When the feature-based approach is concerned, some well-known data association algorithms in SLAM include NN (Nearest Neighbor) [1, 2], JCBB (Joint Compatibility Branch and Bound) [3], MHT (Multihypothesis Tracker) [4], MDA (Multidimensional Assignment) [5], DJNN (Dynamic Joint Nearest Neighbor) [6], and HOHCT (highest order hypothesis compatibility test) [7]. In addition, Bacca et al. [8, 9] propose a system for long-term SLAM based on the feature stability histogram (FSH) model which is inspired by the human memory model. With a camera or other vision sensors, Scaramuzza [10] used single feature correspondence for motion estimation. He provided 1-point RANSAC and histogram voting to remove outliers. These data association methods aim to improve the performance of the data association process.

The scan-based approach is another important data association method in SLAM. It associates the adjacent scans with ICP [11] or ICP’s variants [12, 13]. The feature-based approach could be used as a remedy for the scan-based approach when one intends to obtain a map with abundant and accurate information.

Besides a laser range finder and optical camera, some other sensors could also be used in SLAM. For example, Magnabosco and Breckon [14] use a thermal sensor to solve the SLAM problem.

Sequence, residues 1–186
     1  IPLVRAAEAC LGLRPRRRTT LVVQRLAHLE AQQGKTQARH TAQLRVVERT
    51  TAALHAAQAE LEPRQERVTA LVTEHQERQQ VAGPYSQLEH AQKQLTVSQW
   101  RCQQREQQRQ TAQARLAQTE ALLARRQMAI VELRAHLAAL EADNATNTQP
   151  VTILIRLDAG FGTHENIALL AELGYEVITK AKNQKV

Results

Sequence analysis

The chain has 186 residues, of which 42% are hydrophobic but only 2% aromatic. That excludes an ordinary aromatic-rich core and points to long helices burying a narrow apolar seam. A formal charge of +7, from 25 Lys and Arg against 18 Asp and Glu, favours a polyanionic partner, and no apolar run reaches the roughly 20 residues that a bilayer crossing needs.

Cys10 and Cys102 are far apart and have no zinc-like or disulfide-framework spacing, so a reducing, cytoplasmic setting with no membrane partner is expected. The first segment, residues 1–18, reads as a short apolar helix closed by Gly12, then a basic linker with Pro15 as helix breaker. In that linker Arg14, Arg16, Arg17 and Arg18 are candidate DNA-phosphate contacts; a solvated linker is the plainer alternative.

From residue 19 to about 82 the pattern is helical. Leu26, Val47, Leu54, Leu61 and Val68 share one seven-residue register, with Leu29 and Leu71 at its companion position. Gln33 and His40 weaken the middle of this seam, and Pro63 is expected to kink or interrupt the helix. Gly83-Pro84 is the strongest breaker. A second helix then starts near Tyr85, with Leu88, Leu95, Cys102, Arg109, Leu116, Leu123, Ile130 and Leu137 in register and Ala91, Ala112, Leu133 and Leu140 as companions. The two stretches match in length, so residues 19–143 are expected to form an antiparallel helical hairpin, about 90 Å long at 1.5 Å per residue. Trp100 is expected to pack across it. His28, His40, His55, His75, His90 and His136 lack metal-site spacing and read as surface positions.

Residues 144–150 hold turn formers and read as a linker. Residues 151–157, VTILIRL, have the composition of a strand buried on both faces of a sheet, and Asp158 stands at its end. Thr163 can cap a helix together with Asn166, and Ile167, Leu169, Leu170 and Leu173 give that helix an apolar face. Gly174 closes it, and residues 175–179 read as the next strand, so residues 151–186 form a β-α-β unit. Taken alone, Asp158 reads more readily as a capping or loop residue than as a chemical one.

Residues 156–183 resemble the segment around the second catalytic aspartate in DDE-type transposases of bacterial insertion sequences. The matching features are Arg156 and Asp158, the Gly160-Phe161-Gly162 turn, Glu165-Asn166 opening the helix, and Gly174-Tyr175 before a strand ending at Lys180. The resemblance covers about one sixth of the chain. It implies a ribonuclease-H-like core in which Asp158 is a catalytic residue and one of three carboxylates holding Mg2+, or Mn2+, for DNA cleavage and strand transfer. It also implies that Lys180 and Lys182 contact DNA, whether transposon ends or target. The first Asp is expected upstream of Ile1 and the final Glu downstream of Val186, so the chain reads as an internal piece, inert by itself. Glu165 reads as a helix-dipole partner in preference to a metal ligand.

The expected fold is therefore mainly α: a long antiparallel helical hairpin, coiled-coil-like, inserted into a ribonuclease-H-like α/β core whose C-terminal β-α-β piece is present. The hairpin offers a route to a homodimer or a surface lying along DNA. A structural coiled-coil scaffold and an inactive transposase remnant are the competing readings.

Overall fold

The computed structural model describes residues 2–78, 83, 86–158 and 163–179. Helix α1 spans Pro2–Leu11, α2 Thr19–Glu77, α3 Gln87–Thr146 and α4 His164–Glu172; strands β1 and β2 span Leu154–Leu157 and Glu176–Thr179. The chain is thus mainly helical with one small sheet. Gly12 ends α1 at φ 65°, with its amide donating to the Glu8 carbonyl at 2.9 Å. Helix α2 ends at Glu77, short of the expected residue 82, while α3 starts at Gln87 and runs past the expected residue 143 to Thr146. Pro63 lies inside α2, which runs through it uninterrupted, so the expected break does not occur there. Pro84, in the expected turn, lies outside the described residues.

With the study results listed above, it seems that data association in SLAM is solved successfully. However, experiences of solving the SLAM problem have shown that a small quantity of data association failures may cause the SLAM algorithm to diverge. And no data association algorithm can ensure full accuracy and stability. The reason is that SLAM is for unknown environments, which is of severe uncertainty.

The above data association methods are useful in the data association process. But the data association performance in SLAM is affected by both data association methods and sensor information. Two measures of handling sensor information are put forward to enhance data association performance in SLAM. One is the truncating strategy of limited features, which is applied before the observation update step. The other is the rejecting mechanism, which is applied after the data association step. In short, two measures presented herein are not for the data association process but, respectively, for the prior step of observation update and the posteriori step of the data association process. The truncating strategy is suitable for feature-based data association approach, while the rejecting mechanism is compatible with general SLAM data association algorithms, such as feature-based approach and scan-based approach. With the two presented measures, observation uncertainty from the sensors and environment is reduced dramatically.

2. Process of SLAM

SLAM includes localization and mapping. The localization involves time update (prediction) and observation update. The mapping differs according to the type of map. Feature-based SLAM approach is emphasized herein. As for feature-based SLAM, the map is made up of many features. When the quantity of features is large, the computational burden is very difficult. In order to improve the computational efficiency, the “FastSLAM” [15] framework is adopted. The detailed process of SLAM is as follows.